The typical dictionary definition of fasting is 1) to abstain from all foods or 2) to eat only sparingly or of certain kinds of food, especially as a religious observance. Few practice the former, at least not for any significant length of time. The second definition, however, has taken many forms, though in modern times weight loss and “detoxing” are more-likely reasons than religious observance.
Those of a certain age will remember the “protein-sparing modified fasts” of the 1980s, where folks went on a severely calorie-restricted diet of about 400 to 600 calories daily, mostly protein so that they’d be less likely to lose lean muscle mass.
I worked with one such hospital-based program back then. It involved close supervision, blood monitoring and mandatory attendance at behavior-modification classes.
I remember some patients having a rough time of it, at least at first; such a diet can wreak havoc with one’s daily lifestyle when everything else stays the same and one has social commitments and so on. Still, some participants reported feeling almost relieved after a few days. They had a lot more free time because they didn’t have to worry about shopping for food or cooking or even spending time going out to eat. One protein-sparing fan told me she paid for the monthly program with all the money she was saving by not eating in restaurants.
Rats, Humans and Fasting Research
Severe calorie restriction has been researched in rats and to a lesser extent in humans, not always for weight management but to investigate its effects on longevity and other health measures. A recent review seems to suggest that fasting in some form could have some prudent uses.
A mouse study showed positive effects of intermittent fasting at various ages: researchers reported less visceral fat accumulation (the disease-modulating fat underneath the superficial fat layer), better cognitive performance, even reduced cancer incidence.
This same study included a pilot study of a small number of humans who were placed on what the researchers called a “diet that mimics fasting.” It lasted five days per month, with day one allowing 1,090 calories, decreasing to 725 calories on days two through five. Then the subjects went back to their usual diets. The subjects took vitamin supplements—the idea, after all, was to fast without producing malnutrition. The macronutrient breakdown for both phases of the fast was as follows:
- Day 1: 1,090 calories—10% protein, 56% fat, 34% carbohydrate
- Days 2–5: 725 calories—9% protein, 44% fat, 47% carbohydrate
The “fasting diet” went on for three months. It resulted in decreased risk factors/biomarkers of aging, including diabetes, cardiovascular disease and cancer, while producing no ill effects except maybe a few loud stomach growls. While it’s called “fasting,” it’s really just a low-calorie diet the first day and a very low-calorie, low-protein diet the next four days.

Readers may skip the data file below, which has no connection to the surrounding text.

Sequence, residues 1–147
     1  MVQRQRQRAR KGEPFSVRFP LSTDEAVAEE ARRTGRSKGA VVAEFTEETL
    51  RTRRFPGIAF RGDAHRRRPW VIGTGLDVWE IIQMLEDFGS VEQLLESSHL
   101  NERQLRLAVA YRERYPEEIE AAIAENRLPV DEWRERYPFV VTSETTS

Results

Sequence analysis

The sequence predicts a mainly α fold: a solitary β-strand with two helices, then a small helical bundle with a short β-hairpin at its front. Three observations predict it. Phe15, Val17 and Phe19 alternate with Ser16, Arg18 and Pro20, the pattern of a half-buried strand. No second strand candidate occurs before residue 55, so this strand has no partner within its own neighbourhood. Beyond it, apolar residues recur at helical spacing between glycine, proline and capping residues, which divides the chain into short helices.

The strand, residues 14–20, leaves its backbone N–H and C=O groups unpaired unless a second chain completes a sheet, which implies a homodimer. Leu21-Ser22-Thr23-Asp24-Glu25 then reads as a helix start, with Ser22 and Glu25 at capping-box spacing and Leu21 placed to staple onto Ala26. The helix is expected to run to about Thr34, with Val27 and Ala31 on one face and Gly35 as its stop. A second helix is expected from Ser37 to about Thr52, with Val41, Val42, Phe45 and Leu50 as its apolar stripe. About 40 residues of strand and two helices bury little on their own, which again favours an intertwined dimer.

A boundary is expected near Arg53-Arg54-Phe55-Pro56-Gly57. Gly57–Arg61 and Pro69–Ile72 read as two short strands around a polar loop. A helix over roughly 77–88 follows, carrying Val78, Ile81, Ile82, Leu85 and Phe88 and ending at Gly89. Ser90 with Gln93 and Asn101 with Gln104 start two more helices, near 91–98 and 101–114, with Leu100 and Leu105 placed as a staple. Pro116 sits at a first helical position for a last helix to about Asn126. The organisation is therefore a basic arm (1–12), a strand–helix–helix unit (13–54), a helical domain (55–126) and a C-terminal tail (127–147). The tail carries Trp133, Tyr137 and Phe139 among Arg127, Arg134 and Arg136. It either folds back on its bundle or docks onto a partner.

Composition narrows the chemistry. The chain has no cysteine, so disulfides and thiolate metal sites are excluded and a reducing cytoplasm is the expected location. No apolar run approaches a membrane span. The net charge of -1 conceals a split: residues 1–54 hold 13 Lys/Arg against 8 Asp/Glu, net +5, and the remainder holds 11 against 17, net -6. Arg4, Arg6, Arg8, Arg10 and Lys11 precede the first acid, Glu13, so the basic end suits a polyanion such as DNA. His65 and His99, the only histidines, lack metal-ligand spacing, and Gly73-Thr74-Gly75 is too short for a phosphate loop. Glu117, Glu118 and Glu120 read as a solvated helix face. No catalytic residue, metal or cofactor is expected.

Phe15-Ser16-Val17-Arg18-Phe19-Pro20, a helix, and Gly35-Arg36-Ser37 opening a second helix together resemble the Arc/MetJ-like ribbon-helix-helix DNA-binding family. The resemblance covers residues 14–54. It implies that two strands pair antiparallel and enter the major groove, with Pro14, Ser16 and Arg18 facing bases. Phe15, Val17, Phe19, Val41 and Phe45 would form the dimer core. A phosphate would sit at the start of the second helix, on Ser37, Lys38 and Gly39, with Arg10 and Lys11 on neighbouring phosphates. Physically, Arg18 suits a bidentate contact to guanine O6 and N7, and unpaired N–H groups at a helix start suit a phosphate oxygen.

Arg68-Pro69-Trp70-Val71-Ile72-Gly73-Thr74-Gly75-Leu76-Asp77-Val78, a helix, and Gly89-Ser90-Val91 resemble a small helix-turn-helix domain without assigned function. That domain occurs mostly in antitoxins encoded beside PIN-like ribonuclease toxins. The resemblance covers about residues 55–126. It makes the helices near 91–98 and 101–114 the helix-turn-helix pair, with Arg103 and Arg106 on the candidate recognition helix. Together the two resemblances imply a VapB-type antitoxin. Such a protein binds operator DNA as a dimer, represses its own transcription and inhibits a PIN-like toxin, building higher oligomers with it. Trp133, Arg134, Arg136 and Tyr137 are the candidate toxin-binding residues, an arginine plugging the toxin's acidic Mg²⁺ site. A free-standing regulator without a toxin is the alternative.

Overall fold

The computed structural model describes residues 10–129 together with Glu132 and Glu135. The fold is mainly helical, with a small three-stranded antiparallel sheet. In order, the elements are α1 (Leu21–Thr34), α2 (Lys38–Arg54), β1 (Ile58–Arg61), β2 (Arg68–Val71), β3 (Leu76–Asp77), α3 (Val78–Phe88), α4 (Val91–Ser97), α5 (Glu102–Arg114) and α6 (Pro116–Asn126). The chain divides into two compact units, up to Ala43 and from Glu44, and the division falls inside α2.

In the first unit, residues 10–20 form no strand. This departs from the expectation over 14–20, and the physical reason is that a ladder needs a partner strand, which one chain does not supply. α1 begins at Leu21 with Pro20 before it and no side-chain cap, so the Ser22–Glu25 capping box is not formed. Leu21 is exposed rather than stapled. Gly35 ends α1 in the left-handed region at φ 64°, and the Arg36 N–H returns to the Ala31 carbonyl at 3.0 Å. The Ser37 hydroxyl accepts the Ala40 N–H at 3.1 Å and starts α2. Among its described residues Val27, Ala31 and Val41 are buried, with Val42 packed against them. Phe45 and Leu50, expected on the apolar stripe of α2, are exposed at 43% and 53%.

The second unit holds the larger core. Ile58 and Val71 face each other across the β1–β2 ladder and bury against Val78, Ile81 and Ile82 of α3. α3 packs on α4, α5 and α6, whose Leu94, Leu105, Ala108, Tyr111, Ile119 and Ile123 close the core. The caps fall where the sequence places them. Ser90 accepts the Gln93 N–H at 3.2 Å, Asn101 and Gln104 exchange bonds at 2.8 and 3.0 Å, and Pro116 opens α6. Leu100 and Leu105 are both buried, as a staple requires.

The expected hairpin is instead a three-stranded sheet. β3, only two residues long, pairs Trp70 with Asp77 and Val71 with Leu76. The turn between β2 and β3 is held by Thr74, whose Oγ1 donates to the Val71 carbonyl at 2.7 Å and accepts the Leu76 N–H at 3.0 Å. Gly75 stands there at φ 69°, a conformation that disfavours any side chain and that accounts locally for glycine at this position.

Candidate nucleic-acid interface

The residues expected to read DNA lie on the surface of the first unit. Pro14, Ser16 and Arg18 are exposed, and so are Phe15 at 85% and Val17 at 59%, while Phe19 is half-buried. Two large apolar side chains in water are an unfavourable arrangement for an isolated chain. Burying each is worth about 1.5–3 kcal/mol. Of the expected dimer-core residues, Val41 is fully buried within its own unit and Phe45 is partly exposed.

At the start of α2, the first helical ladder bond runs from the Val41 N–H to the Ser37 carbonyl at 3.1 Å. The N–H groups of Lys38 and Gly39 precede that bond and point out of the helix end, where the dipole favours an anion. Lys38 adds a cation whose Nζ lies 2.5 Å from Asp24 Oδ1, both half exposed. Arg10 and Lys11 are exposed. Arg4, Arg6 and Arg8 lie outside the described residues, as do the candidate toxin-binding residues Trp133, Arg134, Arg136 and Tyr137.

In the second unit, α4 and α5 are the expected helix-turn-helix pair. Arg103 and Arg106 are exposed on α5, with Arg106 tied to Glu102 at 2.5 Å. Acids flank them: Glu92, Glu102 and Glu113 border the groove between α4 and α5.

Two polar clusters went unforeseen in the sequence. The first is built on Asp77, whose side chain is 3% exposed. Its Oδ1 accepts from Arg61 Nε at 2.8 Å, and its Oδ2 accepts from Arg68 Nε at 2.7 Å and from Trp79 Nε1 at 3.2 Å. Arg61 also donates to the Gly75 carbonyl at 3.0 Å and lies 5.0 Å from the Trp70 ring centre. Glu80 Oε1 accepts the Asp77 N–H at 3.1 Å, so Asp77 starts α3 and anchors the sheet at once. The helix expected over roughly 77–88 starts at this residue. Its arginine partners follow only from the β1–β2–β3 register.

I don’t happen to like the nutrient breakdown, though. It’s very low in protein. Getting about 10 percent of one’s calories from protein is fine for a regular diet, but protein needs are based on body weight and reducing calories doesn’t mean protein needs are reduced.
Ten percent of 1,090 calories leaves you with 109 protein calories, or about 27 grams per day, only about half what an average person would need. I’d advise aiming for at least 220 calories of protein per day, even on a lower-calorie diet; then we can argue about how to split the remaining calories between carbs and fats. There really isn’t much food at either of these calorie levels, so if people want some volume, they’d be better off with fewer fat calories and more high-volume vegetables and some fruit.
Fasting for Kids?
In a word: no. It’s a question I sometimes encounter from parents of the children I see as part of my pediatric nutrition practice at Albert Einstein College of Medicine’s Children’s Evaluation and Rehabilitation Center. When I was in graduate school (many moons ago), the consensus was that children shouldn’t go on low-calorie diets. There were fears about a negative impact on their growth. In the present day, however, if a child were obese, you wouldn’t want that situation to continue. Kids don’t need to fast for weight loss. They just need to follow good diets and move more. It’s kind of the same for adults.
Striking a Balance for Adults
One thing adults might consider: a liquid meal replacement occasionally—for dinner. These tend more commonly to be ingested for breakfast and lunch, with the goal of “eating a sensible dinner.” But since dinner and evening time are when most of the day’s calories are eaten, perhaps having a good breakfast and lunch—daytime is when you need your protein and nutrients the most—and balancing that with a 250-calorie liquid meal replacement for dinner might be beneficial for a few days each month.
One added benefit: you might sleep better with a stomach that’s not so full.